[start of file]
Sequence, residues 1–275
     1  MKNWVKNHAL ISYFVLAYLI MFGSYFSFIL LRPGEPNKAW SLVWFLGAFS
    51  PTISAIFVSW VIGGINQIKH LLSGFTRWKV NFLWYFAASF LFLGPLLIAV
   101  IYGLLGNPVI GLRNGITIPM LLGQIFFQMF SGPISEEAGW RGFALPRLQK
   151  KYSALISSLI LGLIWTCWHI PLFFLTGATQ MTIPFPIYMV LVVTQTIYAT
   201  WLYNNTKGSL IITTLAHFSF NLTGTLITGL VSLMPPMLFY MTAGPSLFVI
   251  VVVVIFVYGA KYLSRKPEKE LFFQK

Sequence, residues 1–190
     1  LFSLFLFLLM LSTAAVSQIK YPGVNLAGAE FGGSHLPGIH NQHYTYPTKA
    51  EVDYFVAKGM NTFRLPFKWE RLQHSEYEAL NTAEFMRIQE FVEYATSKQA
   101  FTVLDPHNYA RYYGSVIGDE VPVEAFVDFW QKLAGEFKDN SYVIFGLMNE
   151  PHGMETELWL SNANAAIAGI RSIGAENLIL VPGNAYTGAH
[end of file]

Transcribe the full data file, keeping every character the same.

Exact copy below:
Sequence, residues 1–275
     1  MKNWVKNHAL ISYFVLAYLI MFGSYFSFIL LRPGEPNKAW SLVWFLGAFS
    51  PTISAIFVSW VIGGINQIKH LLSGFTRWKV NFLWYFAASF LFLGPLLIAV
   101  IYGLLGNPVI GLRNGITIPM LLGQIFFQMF SGPISEEAGW RGFALPRLQK
   151  KYSALISSLI LGLIWTCWHI PLFFLTGATQ MTIPFPIYMV LVVTQTIYAT
   201  WLYNNTKGSL IITTLAHFSF NLTGTLITGL VSLMPPMLFY MTAGPSLFVI
   251  VVVVIFVYGA KYLSRKPEKE LFFQK

Sequence, residues 1–190
     1  LFSLFLFLLM LSTAAVSQIK YPGVNLAGAE FGGSHLPGIH NQHYTYPTKA
    51  EVDYFVAKGM NTFRLPFKWE RLQHSEYEAL NTAEFMRIQE FVEYATSKQA
   101  FTVLDPHNYA RYYGSVIGDE VPVEAFVDFW QKLAGEFKDN SYVIFGLMNE
   151  PHGMETELWL SNANAAIAGI RSIGAENLIL VPGNAYTGAH